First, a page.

When a stage is cleared, you'll earn purple Aether crystals that can be spent on permanent upgrades to your health or randomly generating abilities. 

As well as winding through labyrinthine streets to evade enemies or finding enclosed areas that contain weapon upgrades or other goodies, one of Tesla's best tricks is one of teleportation. Starting out with three rechargeable bursts, you'll be able to weave in and out of tight spots to get pick ups or dodge a particularly impenetrable group of enemies. Zipping through walls and across gaps with teleport charges will turn proceedings into a constant game of cat and mouse, until you are able to make inroads by vaporising enemies by going through them with that trusty tap of the 'L' button, or performing other such scientific wizardry. 

The other main weapon in Tesla's arsenal is his mini-gun-toting mech suit called the War Pigeon. Once you've reached a certain XP rank, you'll start each level with a limited amount of time in the suit to do as much damage as you can, and when it expires in a glorious cloud of purple smoke and pyrotechnics, you can collect the parts within the level again. This mini-mission within each stage might seem like busy work, but the brief time you have will make you so powerful that its worth the risk, almost to the detriment of striving to reach for a get out of jail free card. Ultimately, though, it's satisfying to backtrack and bottleneck swarms of enemies, only to plow through them in a flash of lightning.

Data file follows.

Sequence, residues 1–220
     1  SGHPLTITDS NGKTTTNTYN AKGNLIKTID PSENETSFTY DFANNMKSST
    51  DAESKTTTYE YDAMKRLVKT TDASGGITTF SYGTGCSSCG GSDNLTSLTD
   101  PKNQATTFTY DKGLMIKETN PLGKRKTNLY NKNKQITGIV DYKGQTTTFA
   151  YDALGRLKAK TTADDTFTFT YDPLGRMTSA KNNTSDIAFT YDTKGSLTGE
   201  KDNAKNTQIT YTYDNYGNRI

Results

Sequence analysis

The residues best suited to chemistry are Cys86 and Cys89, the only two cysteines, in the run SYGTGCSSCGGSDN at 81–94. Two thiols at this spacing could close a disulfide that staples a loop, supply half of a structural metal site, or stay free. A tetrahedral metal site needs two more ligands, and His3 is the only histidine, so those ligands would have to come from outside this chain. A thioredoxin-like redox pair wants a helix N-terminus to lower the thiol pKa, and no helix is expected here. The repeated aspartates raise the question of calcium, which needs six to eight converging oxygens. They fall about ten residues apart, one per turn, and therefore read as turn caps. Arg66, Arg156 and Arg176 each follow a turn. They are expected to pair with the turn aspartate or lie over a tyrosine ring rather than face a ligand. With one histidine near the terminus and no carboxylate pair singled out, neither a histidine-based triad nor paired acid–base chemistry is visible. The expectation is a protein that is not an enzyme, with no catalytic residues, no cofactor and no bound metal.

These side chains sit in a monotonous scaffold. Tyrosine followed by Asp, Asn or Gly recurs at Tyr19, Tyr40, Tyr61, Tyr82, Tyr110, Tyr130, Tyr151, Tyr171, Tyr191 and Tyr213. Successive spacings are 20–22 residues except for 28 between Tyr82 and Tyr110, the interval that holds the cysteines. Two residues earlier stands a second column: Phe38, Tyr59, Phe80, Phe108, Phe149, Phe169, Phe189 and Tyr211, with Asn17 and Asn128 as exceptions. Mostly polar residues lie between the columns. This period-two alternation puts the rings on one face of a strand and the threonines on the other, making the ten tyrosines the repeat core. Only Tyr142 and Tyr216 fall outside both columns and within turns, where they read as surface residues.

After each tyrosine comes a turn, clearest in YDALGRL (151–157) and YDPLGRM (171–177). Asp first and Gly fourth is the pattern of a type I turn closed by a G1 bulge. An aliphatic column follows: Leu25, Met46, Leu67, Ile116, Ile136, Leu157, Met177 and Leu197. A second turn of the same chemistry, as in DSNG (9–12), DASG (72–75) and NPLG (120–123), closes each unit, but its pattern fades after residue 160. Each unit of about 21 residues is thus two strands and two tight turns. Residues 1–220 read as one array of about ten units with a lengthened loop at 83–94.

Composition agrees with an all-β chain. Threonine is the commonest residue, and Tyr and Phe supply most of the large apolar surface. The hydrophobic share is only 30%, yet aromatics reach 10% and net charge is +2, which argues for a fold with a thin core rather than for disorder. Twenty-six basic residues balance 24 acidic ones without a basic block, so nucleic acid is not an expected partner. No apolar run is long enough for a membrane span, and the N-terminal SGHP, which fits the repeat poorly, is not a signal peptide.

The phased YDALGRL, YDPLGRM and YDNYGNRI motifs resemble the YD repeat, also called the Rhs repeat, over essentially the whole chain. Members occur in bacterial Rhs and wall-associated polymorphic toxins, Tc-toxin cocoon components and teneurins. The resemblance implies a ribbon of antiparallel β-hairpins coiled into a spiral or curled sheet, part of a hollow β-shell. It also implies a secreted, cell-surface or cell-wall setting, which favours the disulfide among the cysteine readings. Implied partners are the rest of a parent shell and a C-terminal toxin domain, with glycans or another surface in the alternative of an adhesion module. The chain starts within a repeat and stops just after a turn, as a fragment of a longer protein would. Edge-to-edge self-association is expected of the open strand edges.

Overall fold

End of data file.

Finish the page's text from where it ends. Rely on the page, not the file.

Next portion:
Along with the more extravagant toys, there is also a traditional set of primary weapons on offer such as shotguns and revolvers, and the selection of electrically charged secondary weapons is where Tesla vs Lovecraft is visually impressive. From the giant glowing X-Ray sword and Aether discs (electric frisbees), to the aforementioned mech suit and the frankly awesome nuke. The variety of artillery is worth at least experimenting with, but you'll soon have favourites and even actively avoid certain pick ups, as they might be a downgrade on the weapon you hold. 

As well as the main campaign, there is the standard local coop, a nice 'monsterpedia' of all the beasties you slay on your journey, daily challenges and a survival mode which all contribute to making Tesla vs Lovecraft a well fleshed-out package. 

Conclusion

Considering the source material, there probably was a lot more potential in terms of story or characterisation but when all is said and done, shooters don't tend to dwell too much on nuance. Tesla vs Lovecraft is a competent top-down, twin-stick shooter and arguably the most polished title in the developer's catalogue. Taking the fun but limited template of Crimsonland and building an entertaining and visually striking, but familiar and repetitive experience. It's unlikely to get pulses racing in terms of original gameplay, however, the perks system, crazy weapons and relentless explosive action should spark enthusiasm among fans of the genre.